MCR Connections to Microsoft Azure using ExpressRoute
To connect to ExpressRoute using MCR, you will firstly require a Microsoft ExpressRoute service key obtained via the Azure Resource Manager (ARM) portal. Follow the steps in our Azure KnowledgeBase article to obtain this.
As of 1 May 2018, the steps to configure manually the peering types and VLAN tags as well as manual IP assignments are no longer required. You will be able to choose Private (vNet) peering, Microsoft Peering (including previously Public peering addresses) or a combination of both when you establish your ExpressRoute connection from an MCR.
It is still a requirement to note that the CIDR address ranges you receive from the Private peering type should be unique from any others that are advertised into your MCR from any other connections to other locations on the Megaport network. Megaport will automatically assign APIPA (169.254.0.0/16) IP addresses for the Private BGP peering setup (a /29 or 8 individual IP addresses) and a corresponding range of public IP addresses for the Microsoft peering type (if selected), this can be NAT’ed back towards your MCR with private ranges if required. Megaport will automatically filter any exisiting cloud provider public routes that are advertised to your MCR from being advertised downstream to Azure.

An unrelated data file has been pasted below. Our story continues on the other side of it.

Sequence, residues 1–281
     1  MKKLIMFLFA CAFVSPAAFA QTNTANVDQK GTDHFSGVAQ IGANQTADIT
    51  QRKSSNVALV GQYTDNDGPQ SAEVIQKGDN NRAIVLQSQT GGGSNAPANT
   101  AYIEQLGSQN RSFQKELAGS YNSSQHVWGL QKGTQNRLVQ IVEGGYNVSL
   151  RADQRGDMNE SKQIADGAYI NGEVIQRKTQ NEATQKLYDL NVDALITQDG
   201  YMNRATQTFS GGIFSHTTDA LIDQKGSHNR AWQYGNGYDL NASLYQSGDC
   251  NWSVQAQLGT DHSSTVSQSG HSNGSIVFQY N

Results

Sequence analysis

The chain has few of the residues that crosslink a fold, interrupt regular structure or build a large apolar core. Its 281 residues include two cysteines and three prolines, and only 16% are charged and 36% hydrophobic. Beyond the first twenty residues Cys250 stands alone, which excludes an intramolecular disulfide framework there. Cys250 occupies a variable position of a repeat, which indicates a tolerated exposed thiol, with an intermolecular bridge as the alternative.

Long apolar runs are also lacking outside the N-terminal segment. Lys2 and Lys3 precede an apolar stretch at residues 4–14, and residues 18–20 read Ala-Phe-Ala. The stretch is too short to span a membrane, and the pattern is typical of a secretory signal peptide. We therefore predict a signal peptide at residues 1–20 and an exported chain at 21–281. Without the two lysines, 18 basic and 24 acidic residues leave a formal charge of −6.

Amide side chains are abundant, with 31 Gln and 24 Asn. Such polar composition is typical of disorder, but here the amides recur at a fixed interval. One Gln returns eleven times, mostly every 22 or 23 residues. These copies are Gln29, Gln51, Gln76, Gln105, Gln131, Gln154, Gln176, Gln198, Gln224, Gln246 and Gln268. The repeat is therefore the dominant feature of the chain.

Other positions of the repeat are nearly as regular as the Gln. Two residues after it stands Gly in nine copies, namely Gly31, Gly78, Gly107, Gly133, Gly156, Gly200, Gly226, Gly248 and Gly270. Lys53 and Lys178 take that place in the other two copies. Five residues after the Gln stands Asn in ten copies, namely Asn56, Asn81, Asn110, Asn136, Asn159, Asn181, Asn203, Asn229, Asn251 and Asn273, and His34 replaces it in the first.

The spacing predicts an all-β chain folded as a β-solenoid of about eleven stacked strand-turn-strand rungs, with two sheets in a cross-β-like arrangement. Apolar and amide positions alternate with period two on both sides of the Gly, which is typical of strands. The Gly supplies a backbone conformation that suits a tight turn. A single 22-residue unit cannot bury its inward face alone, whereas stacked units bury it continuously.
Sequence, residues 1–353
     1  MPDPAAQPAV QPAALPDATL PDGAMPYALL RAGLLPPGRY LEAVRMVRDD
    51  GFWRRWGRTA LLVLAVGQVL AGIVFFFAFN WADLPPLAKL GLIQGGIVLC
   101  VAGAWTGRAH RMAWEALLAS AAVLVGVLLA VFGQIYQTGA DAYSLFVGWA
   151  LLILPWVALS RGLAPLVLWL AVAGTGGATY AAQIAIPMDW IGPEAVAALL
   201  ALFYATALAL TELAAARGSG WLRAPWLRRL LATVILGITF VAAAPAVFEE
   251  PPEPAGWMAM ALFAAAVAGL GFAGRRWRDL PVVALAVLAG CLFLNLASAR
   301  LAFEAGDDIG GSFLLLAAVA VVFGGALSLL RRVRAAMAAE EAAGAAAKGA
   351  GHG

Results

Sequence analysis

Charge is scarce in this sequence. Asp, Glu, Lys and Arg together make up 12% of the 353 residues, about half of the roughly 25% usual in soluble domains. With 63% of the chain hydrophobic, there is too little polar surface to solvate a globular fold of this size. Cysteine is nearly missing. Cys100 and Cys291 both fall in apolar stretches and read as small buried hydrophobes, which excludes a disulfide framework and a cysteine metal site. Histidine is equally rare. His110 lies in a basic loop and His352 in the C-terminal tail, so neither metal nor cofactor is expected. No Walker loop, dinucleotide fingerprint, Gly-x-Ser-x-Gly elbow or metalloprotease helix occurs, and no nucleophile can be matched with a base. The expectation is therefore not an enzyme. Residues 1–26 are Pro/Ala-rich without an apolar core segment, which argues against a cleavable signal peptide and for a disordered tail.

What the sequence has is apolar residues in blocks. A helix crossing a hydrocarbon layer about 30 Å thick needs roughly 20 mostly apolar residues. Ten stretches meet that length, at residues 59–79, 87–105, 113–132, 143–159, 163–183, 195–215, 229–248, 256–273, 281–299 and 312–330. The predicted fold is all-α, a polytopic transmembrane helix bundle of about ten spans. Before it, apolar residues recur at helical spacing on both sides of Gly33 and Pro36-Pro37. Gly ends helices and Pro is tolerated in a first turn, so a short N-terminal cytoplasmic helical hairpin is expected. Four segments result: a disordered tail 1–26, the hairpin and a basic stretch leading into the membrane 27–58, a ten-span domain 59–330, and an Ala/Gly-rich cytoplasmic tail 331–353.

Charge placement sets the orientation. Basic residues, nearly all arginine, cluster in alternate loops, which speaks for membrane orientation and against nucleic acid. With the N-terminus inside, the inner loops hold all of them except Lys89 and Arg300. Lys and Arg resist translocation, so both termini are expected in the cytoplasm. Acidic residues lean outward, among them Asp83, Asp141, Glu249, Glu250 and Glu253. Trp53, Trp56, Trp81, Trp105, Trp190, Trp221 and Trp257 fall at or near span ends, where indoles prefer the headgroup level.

Establishing peering types (Private and/or Microsoft)
We start by selecting “+Connection” on the MCR to add a new VXC, and the Destination type will be Cloud:
In the next step, you will be asked to provide the connection type (in this case ExpressRoute) and the Service Key obtained earlier:
Once you have selected your desired target connection point, you will be required to select either or both of the Private and Microsoft peering types:
In the next screen ‘3) Connection Details’ you will be asked the name of the connection (for display in the Megaport dashboard) and the rate limit. Note that the rate limit for the VXC will be capped at the maximum allowable as per that queried from the interrogation of the ExpressRoute service key.
No other details will be required in the following screens, continue following through with ‘Next‘ until you have added the item to your cart and then Check Out and Deploy.
Setup of the required elements will take around 5 minutes to completely deploy and configure the required peering types.
Inspecting the configuration
Once the VXC connection is deployed successfully you will see it attached to the MCR on the Megaport Portal dashboard:
In the ‘Configure A End’ tab of the VXC detail to Azure, you will see the following information populated:
- VLANs are set as 100 and 200 by default – 100 for Private peering and 200 for Microsoft
- Local ASN: 133937 – this is the default Megaport ASN
- Peer ASN: For Microsoft Azure via ExpressRoute this will be 12076 for all peering types
- Local IP and Peer IP: Will reflect the APIPA range for BGP peering (auto-configured) on Private peering, Microsoft peering will display a Megaport assigned public IP range (within 126.96.36.199/21).